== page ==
Oil Independence? What 50 US Cities Are (Not) Doing To Get There
Every blogger encounters the feeling that they’re obliged to have a go at Peak Oil. In a way that’s not surprising, because the subject is vastly topical. This is a review of what the policymakers are doing.
The participants in the Peak Oil debate can be split into the oil barons, the worried public/activists/scientists and the politicians. The opinions of oil barons are one end of the spectrum and those of scientists/activists/public at large the other end. Policy makers are stuck in between. The big question? Whether peak oil actually means that we’re almost out of the stuff.
The oil companies say this is nonsense but it appears that they are less and less assured of political support. One of the most notable anomalies has been described in the book Half Gone, written by the former oil industry geologist Jeremy Leggett.
He says that the annual BP Statistical Review of World Energy consists largely of facts derived from third parties. This is poignant because the Review, which is regarded as a standard reference work by oil industry professionals, apparently relays in small print that the figures included don’t meet US Securities and Exchange Commission criteria for determining proven reserves.
This means that the company relies on completely different numbers for its own operations. Leggett writes that this is outrageous, especially since “this is an energy bible used by researchers the world over.” The anomaly spotted? BP treats its investors way different than the outside world. It makes you think twice about the words of BP’s Lord Browne, who said a few years back that people had yet to demonstrate that there has been a shortage of oil. “There is no shortage of oil, and that there never need be a shortage… there is no reason why there should be any shortfall in the foreseeable future,” Browne said.
Policymakers find themselves paying attention to the scientists that prove the likes of Browne wrong but large scale projects to reduce oil dependence or prepare for a depletion scenario are few and far between at the moment. Worldwide only one country has pledged to become oil independent at a future date; Sweden is determined to reduce its consumption by up to 50% by 2020. In the US, the city of Oakland followed in Sweden’s footsteps at the end of 2006, launching the Oil Independent Oakland By 2020 Task Force.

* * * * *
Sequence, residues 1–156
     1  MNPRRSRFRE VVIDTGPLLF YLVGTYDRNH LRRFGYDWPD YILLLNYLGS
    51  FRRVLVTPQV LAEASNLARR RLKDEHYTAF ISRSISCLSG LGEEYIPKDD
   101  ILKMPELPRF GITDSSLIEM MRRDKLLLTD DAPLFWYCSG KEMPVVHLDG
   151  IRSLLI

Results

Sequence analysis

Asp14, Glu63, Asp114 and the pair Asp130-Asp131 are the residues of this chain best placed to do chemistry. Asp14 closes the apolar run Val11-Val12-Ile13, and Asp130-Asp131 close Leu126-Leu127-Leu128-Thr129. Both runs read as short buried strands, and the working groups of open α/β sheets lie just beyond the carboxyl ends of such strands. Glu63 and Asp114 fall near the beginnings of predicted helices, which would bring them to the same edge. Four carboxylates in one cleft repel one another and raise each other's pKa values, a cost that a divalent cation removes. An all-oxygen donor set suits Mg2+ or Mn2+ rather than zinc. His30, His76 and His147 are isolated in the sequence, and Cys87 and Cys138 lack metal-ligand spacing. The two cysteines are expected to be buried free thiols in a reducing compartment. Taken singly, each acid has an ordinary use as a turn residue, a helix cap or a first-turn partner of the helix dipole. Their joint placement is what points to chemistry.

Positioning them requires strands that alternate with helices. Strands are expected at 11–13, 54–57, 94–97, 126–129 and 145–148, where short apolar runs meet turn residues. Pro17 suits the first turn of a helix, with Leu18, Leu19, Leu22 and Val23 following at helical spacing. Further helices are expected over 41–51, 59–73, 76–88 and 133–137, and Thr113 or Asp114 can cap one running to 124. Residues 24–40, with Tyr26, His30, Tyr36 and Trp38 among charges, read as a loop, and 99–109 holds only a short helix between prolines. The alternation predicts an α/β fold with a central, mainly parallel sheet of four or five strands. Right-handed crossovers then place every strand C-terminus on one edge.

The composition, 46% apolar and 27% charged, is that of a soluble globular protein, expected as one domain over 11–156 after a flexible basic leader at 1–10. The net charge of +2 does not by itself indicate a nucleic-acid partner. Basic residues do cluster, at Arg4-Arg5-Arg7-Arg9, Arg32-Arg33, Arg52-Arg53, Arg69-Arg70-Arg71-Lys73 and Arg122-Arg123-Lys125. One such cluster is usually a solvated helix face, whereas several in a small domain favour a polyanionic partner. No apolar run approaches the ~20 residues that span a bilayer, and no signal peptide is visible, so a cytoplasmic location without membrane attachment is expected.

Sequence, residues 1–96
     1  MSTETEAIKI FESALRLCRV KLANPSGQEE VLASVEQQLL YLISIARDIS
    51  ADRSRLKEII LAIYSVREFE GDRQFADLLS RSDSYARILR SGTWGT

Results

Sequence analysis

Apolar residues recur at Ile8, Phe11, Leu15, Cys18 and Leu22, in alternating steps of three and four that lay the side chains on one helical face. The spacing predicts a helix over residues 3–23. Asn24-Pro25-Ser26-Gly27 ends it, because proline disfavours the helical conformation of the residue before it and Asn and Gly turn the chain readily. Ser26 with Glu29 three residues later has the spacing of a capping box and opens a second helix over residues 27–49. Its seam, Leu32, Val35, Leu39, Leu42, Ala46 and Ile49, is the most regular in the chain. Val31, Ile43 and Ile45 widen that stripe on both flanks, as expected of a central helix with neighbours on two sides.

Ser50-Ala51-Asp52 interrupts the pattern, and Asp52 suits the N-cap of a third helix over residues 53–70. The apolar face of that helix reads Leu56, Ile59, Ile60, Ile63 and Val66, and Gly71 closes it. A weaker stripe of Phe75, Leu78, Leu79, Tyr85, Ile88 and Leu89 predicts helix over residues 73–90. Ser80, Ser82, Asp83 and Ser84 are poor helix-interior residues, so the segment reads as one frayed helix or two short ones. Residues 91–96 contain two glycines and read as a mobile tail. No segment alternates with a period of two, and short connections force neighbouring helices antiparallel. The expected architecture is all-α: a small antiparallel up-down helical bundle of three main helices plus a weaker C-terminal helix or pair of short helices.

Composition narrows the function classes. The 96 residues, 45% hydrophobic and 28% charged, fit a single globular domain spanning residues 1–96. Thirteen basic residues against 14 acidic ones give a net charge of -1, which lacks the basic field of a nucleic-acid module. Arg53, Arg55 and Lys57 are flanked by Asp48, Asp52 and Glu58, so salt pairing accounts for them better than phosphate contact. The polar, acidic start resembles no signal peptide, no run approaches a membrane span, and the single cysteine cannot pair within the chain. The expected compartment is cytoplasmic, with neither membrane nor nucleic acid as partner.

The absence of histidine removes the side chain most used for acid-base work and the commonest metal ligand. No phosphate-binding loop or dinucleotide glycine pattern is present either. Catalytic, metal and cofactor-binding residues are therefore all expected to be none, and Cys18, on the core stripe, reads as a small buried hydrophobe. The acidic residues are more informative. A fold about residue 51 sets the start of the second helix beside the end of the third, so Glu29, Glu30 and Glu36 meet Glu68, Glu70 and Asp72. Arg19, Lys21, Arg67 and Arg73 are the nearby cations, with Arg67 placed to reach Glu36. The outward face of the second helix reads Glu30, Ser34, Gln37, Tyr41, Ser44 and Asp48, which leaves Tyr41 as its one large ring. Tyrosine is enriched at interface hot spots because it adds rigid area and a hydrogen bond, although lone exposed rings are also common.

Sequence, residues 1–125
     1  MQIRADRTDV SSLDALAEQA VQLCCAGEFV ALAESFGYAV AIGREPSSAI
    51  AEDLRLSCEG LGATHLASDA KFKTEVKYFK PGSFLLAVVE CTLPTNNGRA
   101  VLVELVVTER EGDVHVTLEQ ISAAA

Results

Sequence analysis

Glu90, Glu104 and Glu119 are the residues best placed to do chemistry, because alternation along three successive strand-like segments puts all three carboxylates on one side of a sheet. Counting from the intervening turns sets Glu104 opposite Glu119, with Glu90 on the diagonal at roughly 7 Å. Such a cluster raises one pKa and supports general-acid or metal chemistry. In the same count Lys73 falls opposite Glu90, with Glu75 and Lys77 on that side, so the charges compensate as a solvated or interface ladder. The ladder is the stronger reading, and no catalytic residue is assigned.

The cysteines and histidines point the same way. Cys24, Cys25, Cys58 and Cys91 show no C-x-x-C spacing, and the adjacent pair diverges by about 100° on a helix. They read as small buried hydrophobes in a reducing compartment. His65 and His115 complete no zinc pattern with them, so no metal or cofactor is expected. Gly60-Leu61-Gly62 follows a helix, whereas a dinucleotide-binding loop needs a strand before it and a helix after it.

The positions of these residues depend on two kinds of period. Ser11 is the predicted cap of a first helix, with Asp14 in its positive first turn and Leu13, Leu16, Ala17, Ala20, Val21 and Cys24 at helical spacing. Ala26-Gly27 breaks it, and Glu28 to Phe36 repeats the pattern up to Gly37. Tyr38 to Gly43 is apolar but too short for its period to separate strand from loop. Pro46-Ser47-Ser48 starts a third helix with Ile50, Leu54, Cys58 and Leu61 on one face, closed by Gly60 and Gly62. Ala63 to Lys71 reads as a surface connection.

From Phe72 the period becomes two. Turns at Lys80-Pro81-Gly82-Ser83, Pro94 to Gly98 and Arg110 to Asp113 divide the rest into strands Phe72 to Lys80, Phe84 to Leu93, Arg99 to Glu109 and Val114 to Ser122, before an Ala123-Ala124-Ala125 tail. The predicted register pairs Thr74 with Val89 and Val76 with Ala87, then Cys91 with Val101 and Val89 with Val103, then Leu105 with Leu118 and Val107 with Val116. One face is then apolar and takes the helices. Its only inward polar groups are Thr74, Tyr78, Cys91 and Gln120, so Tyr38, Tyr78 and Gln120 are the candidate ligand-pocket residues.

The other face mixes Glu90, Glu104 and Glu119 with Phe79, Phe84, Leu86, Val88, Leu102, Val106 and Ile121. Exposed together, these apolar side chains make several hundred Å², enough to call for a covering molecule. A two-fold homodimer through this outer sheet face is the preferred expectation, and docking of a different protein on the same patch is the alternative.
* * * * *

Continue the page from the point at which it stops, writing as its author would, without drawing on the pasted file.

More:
There was an update on the Task Force’s progress a week ago which you can read here. Oakland hopes to become a model for other cities. Interestingly, the city’s communications underscore that there is a lack of guidance on the part of the policy makers at Federal level on sustainable energy policy issues. An organisation that steps in here is the OilDepletionProtocol. Private persons and communities can sign up and Oakland is a signatory.
A very obvious yet persistent anomaly in oil circles is the belief that higher oil prices simply solve the problem of oil shortage. People who believe this argue that higher prices simply finance looking for oil in places that had been bypassed in earlier years because of the costs involved. “Energy isn’t like other commodities. At some stage it will take more than a barrel of oil’s worth of energy to drill for a barrel of oil, so the job won’t be worth doing however high the oil price – not in my back garden or underneath the ocean or in Canada’s tar sands”, retorts a writer of UK newspaper The Times.
A book/website entitled How Green Is Your City is also a good resource on the status of play. It ranks 50 US cities in terms of sustainability, reviewing each of the cities on 15 sustainability factors. It was first published in June 2007 and is frequently updated. Currenly, Portland, San Francisco and Seattle form the top three. Oakland ranks fifth.
Entry filed under: Green Economics, Green News, Green Scientific Discoveries, The Planet's Resources. Tags: BP, energy, Half Gone, howgreenisyourcity, Jeremy Leggett, Lord Browne, Oil Independent Oakland, oildrum, Peak Oil, PeakOil, postcarboncities, sustainable.